Experience in transboundary river basins emphasizes the need for more cooperative transnational water management. In this respect, the Interreg IVB project AMICE aims at developing a shared adaptation strategy of the basin of the river Meuse to the hydrological impacts of climate change. The basin covers parts of France, Belgium, Germany and the Netherlands. The project combines scientific research with innovative natural and structural water retention measures, as well as enhanced transnational crisis management. In this framework, common climate and hydrological scenarios were derived for the time horizons 2021-2050 and 2071-2100. A “coordinated” procedure was set up to conduct the first hydraulic modelling of the entire river Meuse, from its spring to its mouth. For the considered climate scenarios, the increases in future flood levels were found about twice higher in the central part of the Meuse basin compared to the upper and lower parts. This distinctive spatial pattern results from the morphology of the valley. The characteristics of the hydraulic models used for this “coordinated” analysis differed significantly from one region to the other (e.g., 1D vs. 2D, steady vs. unsteady). Therefore, a more refined analysis was undertaken on a 100 km long stretch of the Meuse, crossing the border between Belgium and the Netherlands, using very similar (“harmonized”) models for the whole computation (2D unsteady models). As a result, the influence of using different interconnected models could be appreciated. The results of hydraulic modelling were used to conduct damage assessment based on a common methodology throughout the Meuse basin and combined with landuse change scenarios in the floodplains (change in vulnerability of the floodplains). In turn, several adaptation measures were tested, including upstream water retention, dredging as well as upgrade of flood defences and mobile weirs. Hydrological and hydraulic modelling was also performed for a sub-basin of the river Meuse, partly controlled by two large reservoirs. A detailed model of the operation rules of these reservoirs was implemented. This enabled to investigate the impact of the considered climate change scenarios on the performance of these multi-purpose reservoirs as well as to investigate possible enhancements in the operation rules, which may serve as adaptation measures to compensate for the detrimental effects of climate change. [less ▲]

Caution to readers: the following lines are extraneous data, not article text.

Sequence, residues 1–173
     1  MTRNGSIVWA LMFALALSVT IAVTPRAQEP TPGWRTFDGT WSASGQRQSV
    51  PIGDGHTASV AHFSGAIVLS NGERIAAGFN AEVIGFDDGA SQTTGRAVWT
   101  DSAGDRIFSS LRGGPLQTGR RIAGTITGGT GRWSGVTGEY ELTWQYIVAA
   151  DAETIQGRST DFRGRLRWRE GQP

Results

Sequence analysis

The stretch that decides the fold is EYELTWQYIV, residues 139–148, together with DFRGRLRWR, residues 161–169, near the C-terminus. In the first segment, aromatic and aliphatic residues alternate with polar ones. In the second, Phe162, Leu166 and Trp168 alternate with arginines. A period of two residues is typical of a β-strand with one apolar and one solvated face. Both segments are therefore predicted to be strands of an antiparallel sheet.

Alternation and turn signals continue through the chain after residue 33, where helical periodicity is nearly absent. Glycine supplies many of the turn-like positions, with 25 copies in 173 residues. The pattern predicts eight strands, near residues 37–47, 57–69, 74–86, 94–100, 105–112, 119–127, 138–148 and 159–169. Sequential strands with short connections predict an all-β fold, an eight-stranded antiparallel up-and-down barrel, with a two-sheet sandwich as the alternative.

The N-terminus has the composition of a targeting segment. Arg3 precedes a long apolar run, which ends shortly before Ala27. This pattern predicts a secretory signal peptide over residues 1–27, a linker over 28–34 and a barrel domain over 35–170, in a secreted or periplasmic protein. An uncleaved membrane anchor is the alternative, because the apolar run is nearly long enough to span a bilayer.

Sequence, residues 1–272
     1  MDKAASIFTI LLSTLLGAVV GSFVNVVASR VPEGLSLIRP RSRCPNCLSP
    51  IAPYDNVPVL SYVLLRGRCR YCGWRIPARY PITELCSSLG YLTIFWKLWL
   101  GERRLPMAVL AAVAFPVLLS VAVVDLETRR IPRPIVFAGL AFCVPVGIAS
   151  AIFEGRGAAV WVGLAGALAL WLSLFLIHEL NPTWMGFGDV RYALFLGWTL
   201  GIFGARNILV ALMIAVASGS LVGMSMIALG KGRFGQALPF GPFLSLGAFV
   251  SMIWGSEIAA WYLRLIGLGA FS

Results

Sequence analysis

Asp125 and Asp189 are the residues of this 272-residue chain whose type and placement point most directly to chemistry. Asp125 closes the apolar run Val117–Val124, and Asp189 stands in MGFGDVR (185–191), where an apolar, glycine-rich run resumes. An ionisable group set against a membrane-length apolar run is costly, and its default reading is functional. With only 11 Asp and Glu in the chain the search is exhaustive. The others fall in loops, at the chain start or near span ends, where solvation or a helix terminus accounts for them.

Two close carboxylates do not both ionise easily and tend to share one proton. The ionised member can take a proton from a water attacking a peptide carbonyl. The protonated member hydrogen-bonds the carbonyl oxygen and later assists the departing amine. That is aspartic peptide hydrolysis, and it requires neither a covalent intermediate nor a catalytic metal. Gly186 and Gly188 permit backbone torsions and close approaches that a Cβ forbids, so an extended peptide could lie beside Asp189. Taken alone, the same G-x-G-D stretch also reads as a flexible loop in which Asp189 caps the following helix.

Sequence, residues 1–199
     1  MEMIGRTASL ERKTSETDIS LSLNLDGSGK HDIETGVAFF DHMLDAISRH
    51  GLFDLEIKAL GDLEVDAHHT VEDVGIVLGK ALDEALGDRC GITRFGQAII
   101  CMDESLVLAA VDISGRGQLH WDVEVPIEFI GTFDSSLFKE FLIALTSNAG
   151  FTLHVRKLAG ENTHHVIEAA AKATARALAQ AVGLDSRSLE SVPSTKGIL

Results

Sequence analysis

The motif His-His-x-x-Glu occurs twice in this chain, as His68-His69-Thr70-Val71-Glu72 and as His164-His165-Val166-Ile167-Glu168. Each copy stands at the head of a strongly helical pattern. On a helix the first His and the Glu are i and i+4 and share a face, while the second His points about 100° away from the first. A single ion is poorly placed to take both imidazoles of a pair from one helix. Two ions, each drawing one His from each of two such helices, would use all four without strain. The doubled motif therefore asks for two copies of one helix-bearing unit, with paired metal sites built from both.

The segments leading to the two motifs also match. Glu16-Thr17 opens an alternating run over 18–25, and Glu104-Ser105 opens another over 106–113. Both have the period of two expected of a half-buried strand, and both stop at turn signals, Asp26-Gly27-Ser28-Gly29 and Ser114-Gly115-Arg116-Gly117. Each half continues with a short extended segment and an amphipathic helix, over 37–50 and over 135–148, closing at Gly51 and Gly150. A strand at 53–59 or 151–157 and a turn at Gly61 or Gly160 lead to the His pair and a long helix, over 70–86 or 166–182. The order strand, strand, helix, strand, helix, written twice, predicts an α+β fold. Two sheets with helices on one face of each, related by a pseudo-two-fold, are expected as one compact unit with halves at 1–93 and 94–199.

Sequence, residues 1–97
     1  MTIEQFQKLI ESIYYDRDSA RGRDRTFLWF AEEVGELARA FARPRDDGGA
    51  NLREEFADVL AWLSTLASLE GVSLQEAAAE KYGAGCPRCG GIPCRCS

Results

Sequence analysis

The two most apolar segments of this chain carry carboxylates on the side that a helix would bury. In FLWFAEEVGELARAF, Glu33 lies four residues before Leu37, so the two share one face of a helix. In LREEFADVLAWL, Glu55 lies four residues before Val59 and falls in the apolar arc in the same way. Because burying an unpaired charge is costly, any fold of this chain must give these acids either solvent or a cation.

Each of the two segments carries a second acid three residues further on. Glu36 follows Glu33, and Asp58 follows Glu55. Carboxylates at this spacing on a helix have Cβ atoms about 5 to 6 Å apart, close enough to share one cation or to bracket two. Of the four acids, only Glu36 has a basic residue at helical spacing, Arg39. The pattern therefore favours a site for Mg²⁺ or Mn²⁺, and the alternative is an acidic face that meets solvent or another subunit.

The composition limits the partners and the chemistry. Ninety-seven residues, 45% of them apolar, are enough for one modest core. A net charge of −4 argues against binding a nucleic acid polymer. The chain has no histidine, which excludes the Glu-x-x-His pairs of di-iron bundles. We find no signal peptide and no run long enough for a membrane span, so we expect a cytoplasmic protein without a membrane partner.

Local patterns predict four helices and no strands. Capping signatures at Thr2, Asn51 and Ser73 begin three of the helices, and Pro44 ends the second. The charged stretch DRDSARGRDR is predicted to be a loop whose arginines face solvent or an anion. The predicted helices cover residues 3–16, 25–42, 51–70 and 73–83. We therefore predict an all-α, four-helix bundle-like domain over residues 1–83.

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See detailExuberant inflammatory reaction as a side effect of platelet-rich plasma injection in treating one case of tendinopathy
Kaux, Jean-François ULg; Croisier, Jean-Louis ULg; LEONARD, Philippe ULg et al

in Clinical Journal of Sport Medicine (2014), 24(2), 150-152